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High Speed Bug Discovery with Fuzzing (version with presenter notes) - Dog Food Conference

High Speed Bug Discovery with Fuzzing (version with presenter notes) - Dog Food Conference

How can you find hidden defects in your code without a lot of manual analysis? You’ll leave this talk knowing when to use fuzzing to test your application, which tools you should use, how to implement a fuzzer from scratch, and when other techniques are a better choice.

Craig Stuntz

October 05, 2017

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  1. How Do We Design Software Security? - Usability Studies (Does

    it work for human beings?) - Threat Modeling - Formal Verification - Static Analysis - Auditing - Pentesting - Throw Random Crap At It And See If It Dies
  2. “ Unfortunately, C and C++ are mostly taught the old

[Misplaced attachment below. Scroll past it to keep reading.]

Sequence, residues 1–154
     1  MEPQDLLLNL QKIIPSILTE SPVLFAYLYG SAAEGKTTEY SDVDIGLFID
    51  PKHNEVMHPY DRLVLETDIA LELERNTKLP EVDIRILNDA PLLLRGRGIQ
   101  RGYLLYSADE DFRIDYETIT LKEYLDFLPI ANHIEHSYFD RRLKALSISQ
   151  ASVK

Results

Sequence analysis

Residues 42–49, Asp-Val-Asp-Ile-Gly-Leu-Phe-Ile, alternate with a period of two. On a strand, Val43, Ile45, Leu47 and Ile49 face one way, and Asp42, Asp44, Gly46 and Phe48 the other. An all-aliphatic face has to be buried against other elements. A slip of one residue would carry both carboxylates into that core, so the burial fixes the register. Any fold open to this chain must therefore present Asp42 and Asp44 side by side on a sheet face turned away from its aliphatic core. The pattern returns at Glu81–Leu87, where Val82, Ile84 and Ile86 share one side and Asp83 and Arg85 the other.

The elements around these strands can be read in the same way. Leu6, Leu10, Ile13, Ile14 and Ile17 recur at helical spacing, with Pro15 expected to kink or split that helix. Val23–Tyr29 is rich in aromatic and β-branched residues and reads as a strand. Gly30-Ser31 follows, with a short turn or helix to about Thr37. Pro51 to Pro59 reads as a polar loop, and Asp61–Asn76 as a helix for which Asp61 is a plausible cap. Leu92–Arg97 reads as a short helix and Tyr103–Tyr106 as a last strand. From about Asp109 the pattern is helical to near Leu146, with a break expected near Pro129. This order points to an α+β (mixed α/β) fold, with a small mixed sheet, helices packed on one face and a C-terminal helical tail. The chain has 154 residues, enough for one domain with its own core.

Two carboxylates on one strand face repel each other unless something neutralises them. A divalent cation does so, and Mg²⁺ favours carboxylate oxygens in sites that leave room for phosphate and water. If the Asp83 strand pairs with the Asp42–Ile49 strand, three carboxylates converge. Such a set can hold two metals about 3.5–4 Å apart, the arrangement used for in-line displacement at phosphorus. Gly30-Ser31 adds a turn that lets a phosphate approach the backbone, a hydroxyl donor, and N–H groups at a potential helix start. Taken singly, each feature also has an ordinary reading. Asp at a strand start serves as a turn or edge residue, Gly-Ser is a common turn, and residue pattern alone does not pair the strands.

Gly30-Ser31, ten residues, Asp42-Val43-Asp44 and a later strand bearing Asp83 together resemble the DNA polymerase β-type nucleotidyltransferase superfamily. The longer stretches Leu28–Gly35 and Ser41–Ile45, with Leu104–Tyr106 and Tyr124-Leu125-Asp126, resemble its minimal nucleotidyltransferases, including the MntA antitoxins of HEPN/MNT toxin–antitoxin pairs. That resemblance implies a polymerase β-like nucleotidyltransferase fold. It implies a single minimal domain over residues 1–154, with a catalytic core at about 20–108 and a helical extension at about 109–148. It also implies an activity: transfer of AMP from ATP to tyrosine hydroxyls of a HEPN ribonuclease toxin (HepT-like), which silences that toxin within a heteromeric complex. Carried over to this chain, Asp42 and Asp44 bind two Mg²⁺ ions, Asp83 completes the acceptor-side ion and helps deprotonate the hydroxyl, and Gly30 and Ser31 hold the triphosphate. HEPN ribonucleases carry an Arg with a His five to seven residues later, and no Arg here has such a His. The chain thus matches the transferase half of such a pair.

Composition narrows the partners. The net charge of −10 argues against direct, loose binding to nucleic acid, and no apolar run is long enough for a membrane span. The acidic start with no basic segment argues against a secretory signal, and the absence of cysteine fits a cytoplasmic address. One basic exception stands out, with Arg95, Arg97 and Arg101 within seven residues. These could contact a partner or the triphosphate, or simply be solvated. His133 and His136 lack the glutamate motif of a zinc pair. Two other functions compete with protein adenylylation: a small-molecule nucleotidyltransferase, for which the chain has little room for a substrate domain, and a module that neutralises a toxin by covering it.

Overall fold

way, as if programming in them isn’t like walking in a minefield. Nor have the books about C and C++ caught up with the current reality. These things must change. -John Regehr https://blog.regehr.org/archives/1520 Fuzzing is depressing. It Shouldn’t Be Necessary, C (and infrastructure to sustain it), Better Methods of Verification Exist, Can Miss Stuff , Worse Is Better? Sometimes when something seems weird to you it’s worth taking a deep dive,
  3. “Yet, despite the crippling and obvious limitations of fuzzing and

    the virtues of symbolic execution, there is one jarring discord: I'm fairly certain that probably around 70% of all remote code execution vulnerabilities disclosed in the past few years trace back to fairly “dumb” fuzzing tools, with the pattern showing little change over time. -Michał Zalewski https://lcamtuf.blogspot.com/2015/02/symbolic-execution-in-vuln-research.html
  4. let private bitMasks(bitIndex: int, bitsToFlip: int) = match bitIndex %